Prior to 1852 public examinations were held in April and November; but when the school year was made to end with the summer term, both were dispensed with and a private one in midwinter and a public one in July substituted.
The latter became largely an exhibition and attracted more spectators than the room could conveniently accommodate.
In 1863 the Committee voted that the examination and exhibition should occur on separate days and that the latter should be held in the Town Hall.
In view of the heavy responsibility thus suddenly laid upon then, the graduating class of that year quailed and begged reprieve; whereupon the vote was rescinded so far as that class was concerned, but left binding upon its successors.
The matter thus becoming optional, it was easy for the master to persuade the actors to inaugurate voluntarily a custom which was to prevail by law in succeeding years.
As the exhibition would receive augumented dignity from the increased n
ur allies, the French.
Ariadne. See Chapter II. is reported as taking a cargo of provisions to Cadiz under British license after obtaining informal permission of the Attorney General
Bryant and Sturgis, M. S., Vol. 1811, p. 122. and the Secretary of the Treasury.
Congress permitted this trade until the crops of 1812 had been marketed.
Morison. Maritime History of Massachusetts.
The ship Medford is reported as follows: Boston Tue. Apr. 30, 1813 ar. ship Medford, Capt'n Hall, Cadiz 42 days. Spoke nothing.
Sunday at 3 P. M. Cape Cod, was boarded from the privateer brig Sir John Sherbrook detained a few hours and permitted to proceed.
A number of persons captured in a previous prize were transferred to the Medford.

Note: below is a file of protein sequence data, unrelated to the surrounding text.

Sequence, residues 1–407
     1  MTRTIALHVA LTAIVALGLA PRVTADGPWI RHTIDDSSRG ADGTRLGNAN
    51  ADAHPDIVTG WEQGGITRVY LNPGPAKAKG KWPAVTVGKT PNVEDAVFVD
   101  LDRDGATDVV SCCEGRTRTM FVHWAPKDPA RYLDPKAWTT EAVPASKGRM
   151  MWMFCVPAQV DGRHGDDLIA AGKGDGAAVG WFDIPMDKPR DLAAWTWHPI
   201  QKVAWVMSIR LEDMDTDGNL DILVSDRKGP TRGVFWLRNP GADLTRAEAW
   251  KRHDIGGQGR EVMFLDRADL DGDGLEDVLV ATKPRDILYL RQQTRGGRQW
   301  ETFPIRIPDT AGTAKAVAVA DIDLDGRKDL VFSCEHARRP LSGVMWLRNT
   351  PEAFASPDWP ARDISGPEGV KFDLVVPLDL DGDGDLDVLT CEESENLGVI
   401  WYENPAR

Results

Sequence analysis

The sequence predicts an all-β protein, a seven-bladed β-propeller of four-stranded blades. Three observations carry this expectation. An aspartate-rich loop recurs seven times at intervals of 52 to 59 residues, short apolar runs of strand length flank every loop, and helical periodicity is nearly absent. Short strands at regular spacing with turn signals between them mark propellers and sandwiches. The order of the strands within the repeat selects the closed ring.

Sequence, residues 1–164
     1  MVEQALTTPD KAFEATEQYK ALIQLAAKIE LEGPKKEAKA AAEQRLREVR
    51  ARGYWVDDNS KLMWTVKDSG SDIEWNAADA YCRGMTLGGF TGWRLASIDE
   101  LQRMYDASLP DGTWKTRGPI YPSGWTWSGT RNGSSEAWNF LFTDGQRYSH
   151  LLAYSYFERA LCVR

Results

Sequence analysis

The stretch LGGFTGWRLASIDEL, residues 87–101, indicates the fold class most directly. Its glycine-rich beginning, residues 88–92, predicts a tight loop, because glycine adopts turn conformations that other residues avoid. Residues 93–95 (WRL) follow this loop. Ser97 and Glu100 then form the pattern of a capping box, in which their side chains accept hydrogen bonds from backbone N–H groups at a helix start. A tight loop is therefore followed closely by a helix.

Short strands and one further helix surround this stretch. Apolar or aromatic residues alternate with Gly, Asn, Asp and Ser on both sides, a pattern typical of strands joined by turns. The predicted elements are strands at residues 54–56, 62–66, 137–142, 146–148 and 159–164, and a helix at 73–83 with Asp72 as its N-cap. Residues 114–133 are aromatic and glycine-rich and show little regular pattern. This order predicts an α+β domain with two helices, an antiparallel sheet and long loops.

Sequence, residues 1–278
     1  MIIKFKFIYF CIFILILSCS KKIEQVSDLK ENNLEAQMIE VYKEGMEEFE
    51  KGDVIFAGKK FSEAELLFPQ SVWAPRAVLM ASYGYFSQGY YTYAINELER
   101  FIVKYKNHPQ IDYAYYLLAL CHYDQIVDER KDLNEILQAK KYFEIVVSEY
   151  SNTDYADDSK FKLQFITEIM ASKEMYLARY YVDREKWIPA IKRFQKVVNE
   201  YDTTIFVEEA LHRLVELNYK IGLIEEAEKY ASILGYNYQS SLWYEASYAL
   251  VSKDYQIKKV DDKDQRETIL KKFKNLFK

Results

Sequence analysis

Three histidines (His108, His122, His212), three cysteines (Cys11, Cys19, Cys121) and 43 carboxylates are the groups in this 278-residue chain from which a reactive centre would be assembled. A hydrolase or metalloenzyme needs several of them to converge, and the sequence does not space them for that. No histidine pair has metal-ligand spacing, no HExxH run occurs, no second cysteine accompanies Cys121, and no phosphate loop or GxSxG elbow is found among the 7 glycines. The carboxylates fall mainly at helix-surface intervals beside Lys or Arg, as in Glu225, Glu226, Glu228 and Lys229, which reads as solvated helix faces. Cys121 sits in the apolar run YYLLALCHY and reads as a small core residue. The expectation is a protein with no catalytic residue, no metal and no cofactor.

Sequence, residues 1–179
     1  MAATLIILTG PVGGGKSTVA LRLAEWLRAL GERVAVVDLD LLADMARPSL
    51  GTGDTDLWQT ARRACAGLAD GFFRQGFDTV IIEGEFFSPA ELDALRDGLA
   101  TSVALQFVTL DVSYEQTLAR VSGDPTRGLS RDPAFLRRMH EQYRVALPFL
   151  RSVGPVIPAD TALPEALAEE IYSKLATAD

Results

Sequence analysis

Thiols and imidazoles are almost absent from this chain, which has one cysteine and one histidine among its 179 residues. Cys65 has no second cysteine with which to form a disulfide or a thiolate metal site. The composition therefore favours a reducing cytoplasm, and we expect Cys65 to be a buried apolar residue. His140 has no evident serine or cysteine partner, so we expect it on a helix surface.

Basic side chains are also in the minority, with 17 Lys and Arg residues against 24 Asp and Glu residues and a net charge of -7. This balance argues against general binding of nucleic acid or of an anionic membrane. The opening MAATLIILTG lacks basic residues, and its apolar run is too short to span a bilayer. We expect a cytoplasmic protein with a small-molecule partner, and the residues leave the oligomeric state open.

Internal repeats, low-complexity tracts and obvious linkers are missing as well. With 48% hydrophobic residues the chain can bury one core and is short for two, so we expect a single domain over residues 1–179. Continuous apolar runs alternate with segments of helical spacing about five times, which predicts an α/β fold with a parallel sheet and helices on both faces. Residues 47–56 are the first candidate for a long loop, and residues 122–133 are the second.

Many merchant vessels were turned into privateers to prey on British commerce and many more were built.
Among them was the letter-of-marque brig Rambler, built in 1813, in thirty-six days by Calvin Turner for Benjamin Rich of Boston.
On April 30,
e by a Medford man, Robert L. Sise, who came literally over the bridge into Medford town at the midnight hour.
Reference this may be found in the Medford
Miss Deborah Hall welcomes Paul Revere.
Sergt. Harold I. Austin as Paul Revere, greeted by Miss Hall, a descendant of Capt. Isaac Hall of the Medford Minute-Men.
Courtesy Miss Hall, a descendant of Capt. Isaac Hall of the Medford Minute-Men.
Courtesy Medford Mercury. Mercury of that time with account of the patriotic decorations and displays; also certain rhymes of more or less interest relating to the historic day.
But in 1917 there came an organized effort to make the occasion worth while and notable in Boston and the other cities and towns along the historic route.
The , is glad to open its doors to welcome the personator of Revere.
This year he was welcomed in the street by a lineal descendant of the minute-men's captain, Miss Deborah Hall.
We are able to present a view of her greeting (by courtesy of the Mercury), thanks to the ever present camera, unknown in that old day and for seventy year